The new DBS checks are needed by far fewer people than the old CRB checks (5 million down from 9.3 million), can be used for more than one activity and they are portable and updated.
“We serve thousands of charitable organisations and many churches, schools and academies who are significantly benefiting from the [DBS] Update Service.”
Barbara Ball – Disclosure Manager, Churches’ Child Protection Advisory Service
“To unlock this [social] investment there is a need to give trustees greater legal reassurance on how they make decisions about investing their funds.”
“…if social investment is about to expand there is a need to tap into the finance available via institutional and other investors.”
“We have no intention of turning our community centre into an entertainment venue. But we do want to be able to support the community to come together.”
This sector is central to the Government’s ambition for a stronger society. This theme just is one of the intitiatives to cut red tape for it. This was an open theme with no specific regulations placed on the web site for comment.
Outcomes of the Civil Society Red Tape Challenge
It’s becoming even easier to volunteer with confidence to help the community.
1) The new DBS checks are much less bureaucratic than the old CRB checks and are free for people who only need them to do voluntary work.
2) The Financial Services Bill was amended to ensure the regulatory approach recognises that consumers can have non-financial goals, eg social goals.
Other Implemented Reforms
1) Most performances of live music in village halls and community centres no longer require an entertainment licence.
2) The Charitable Incorporated Organisation has been introduced giving the trustees of smaller charities the opportunity to benefit from limited liability with much less bureaucacy than being a limited company.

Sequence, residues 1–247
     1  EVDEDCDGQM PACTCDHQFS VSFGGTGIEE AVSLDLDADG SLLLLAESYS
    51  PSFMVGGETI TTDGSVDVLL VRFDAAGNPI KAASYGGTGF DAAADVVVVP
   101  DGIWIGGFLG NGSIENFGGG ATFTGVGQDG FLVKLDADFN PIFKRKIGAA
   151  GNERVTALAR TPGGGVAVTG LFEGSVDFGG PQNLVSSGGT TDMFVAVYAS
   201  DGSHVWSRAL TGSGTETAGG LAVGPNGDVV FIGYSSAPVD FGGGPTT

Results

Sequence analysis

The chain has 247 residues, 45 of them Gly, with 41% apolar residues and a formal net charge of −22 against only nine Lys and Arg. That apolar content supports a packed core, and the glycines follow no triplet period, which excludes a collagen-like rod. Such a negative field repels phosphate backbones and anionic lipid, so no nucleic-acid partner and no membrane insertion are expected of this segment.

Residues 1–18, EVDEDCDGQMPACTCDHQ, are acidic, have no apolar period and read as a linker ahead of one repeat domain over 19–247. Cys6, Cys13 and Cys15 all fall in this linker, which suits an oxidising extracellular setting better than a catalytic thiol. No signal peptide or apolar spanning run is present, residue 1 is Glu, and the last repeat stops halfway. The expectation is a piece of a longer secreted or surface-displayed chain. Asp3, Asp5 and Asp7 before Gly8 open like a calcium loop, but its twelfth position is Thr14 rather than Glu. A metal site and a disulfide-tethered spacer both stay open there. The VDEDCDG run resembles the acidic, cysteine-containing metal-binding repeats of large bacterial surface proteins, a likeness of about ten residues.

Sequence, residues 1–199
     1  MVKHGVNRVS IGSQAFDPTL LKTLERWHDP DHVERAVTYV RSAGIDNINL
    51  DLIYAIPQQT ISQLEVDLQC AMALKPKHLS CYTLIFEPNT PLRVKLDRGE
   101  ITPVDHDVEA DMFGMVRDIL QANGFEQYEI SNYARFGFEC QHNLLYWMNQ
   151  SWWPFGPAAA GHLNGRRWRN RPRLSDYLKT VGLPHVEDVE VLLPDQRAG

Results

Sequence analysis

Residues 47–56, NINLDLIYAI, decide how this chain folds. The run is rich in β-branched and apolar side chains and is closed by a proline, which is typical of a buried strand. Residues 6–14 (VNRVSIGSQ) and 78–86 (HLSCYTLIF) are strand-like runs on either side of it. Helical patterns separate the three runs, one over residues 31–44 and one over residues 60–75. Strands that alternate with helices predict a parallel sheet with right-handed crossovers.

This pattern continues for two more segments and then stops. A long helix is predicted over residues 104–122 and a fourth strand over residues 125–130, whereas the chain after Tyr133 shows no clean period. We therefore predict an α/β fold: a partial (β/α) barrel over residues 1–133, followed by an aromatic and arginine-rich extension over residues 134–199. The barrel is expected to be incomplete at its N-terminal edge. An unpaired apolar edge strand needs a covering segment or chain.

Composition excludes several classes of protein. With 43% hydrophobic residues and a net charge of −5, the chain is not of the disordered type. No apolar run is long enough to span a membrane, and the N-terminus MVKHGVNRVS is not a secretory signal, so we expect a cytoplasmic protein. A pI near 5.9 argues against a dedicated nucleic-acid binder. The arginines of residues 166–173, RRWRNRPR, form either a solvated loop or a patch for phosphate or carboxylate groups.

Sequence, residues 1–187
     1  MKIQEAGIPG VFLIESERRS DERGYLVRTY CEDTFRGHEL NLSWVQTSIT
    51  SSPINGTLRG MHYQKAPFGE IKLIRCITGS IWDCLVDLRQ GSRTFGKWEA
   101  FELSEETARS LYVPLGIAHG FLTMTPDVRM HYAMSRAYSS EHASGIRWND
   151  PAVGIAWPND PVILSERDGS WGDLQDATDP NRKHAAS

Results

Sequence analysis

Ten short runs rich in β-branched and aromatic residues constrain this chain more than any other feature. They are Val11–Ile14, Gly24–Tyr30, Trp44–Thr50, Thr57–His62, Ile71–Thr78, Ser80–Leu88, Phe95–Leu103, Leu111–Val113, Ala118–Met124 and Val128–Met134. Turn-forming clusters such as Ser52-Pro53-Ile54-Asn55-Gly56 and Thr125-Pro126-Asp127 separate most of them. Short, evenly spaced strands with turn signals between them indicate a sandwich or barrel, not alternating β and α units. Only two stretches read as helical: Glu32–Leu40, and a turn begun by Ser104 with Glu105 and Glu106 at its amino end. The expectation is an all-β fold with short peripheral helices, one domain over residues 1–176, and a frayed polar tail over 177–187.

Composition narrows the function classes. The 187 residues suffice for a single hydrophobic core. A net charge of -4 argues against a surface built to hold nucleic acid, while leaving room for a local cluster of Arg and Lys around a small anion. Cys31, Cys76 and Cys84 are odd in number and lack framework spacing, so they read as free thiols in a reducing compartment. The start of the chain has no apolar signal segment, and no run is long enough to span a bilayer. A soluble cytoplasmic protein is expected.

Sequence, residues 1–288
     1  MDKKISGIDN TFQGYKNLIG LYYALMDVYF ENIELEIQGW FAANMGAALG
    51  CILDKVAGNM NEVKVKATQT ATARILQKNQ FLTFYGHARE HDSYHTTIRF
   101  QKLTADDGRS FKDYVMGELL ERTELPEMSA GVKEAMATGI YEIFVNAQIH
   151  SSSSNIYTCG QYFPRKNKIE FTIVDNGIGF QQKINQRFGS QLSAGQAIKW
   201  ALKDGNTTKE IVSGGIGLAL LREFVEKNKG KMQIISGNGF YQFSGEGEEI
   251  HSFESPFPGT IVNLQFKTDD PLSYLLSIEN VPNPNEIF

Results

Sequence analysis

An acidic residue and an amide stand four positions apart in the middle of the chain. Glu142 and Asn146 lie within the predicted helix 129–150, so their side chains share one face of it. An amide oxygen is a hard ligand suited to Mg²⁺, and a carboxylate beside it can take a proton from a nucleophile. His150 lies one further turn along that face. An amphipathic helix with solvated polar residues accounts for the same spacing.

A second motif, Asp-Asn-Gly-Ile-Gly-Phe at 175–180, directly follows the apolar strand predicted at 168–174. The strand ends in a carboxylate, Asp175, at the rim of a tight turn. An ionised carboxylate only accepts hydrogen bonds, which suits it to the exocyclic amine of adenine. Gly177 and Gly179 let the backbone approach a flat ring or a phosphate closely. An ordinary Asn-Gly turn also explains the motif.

1) The Law Commission is undertaking a review of the fiduciary duties of investment intermediaries, and has agreed to undertake a review of charity trustee duties in relation to charities making social investments.
2) The Cabinet Office published a report that showcased examples of existing “co-mingling” funds, and aims to pilot a co-mingling fund to test the practical barriers that are preventing more of these structures from being developed.
You can read the comments received by clicking through to the following sub-category pages.
Rules and regulations that affect volunteering, social action and donations.
Rules and regulations that affect the activities of voluntary and community groups.
Rules and regulations governing social investments made by charitable trusts, foundations, institutional investors and individuals in social ventures.
This site is designed to promote open discussion of ways in which the aims of existing regulation can be fulfilled in the least burdensome way possible. The presence of a particular regulation or law on this website should not be read as implying any intention on the part of the Government to remove that regulation or law from the statute book. The purpose of this exercise is to open government up to the public.